Breast magnetic resonance imaging (MRI) is considered a more sensitive diagnostic test for detecting invasive breast cancer than mammography or breast ultrasound. Breast MRI may be particularly useful in younger premenopausal women with higher density breast tissue for differentiating between dense fibroglandular breast tissue and breast malignancies. The main objective of this study was to determine the impact of preoperative breast MRI on surgical decision-making in young women with breast cancer.
A retrospective review of patients with newly diagnosed invasive breast cancer and age of ≤50 years was performed. All patients underwent physical examination, preoperative mammogram, breast ultrasound, and bilateral breast MRI. Two breast cancer surgeons reviewed the preoperative mammogram report, breast ultrasound report, and physical examination summary and were asked if they would recommend a lumpectomy, a quandrantectomy, or a mastectomy. A few weeks later, the two surgeons were shown the same information with the breast MRI report and were asked what type of surgery they would now recommend. In each case, MRI was classified by two adjudicators as having affected the surgical outcome in a positive, negative, or neutral fashion. A positive impact was defined as the situation where breast MRI detected additional disease that was not found on physical examination, mammogram, or breast ultrasound and led to an appropriate change in surgical management. A negative impact was defined as the situation where breast MRI led the surgeon to recommend more extensive surgery, with less extensive disease actually found at pathology. No impact was defined as the situation where MRI findings did not alter surgical recommendations or outcomes.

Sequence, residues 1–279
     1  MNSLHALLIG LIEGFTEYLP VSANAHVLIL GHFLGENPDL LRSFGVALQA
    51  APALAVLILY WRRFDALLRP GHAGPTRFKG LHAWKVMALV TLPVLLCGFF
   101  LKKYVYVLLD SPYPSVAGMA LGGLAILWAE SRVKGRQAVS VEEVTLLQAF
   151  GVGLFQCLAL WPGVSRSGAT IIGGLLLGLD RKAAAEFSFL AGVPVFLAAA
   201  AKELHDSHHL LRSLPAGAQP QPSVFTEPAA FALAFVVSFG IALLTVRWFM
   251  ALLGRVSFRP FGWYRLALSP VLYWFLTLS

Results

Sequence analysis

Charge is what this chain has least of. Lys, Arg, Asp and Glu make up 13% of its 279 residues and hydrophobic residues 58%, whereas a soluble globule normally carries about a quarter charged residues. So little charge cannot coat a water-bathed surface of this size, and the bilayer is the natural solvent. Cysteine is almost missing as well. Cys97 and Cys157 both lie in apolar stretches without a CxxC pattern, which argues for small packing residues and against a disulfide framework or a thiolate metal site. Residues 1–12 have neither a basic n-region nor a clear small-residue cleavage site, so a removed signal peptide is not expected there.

Of 37 patients whose charts were reviewed, five patients were deemed to be ineligible due to having received neoadjuvant chemotherapy, having previous breast implants, or having had their tumor fully excised during biopsy. In total, 32 patients met the inclusion criteria of this study and were appropriate for analysis. The median age of our study patient population was 42 years. The pathologic diagnosis was invasive ductal carcinoma in 91% (29/32) of patients and invasive lobular carcinoma in 9% (3/32) of patients. For surgeon A, clinical management was altered in 21/32 (66%) patients, and for surgeon B, management was altered in 13/32 (41%) patients. The most common change in surgical decision-making after breast MRI was from breast-conserving surgery to a mastectomy. Mastectomy rates were similar between both surgeons after breast MRI. After reviewing the pathology results and comparing them with the breast MRI results, it was determined that breast MRI led to a positive outcome in 13/32 (41%) patients. Breast MRI led to no change in surgical management in 15/32 (47%) patients and resulted in a negative change in surgical management in 4/32 (13%) patients. Bilateral breast MRI detected a contralateral breast cancer in 2/32 (6%) patients.
Preoperative breast MRI alters surgical management in a significant proportion of younger women diagnosed with breast cancer. Prospective studies are needed to confirm these findings and to help determine if this change in surgical decision-making will result in improved local control.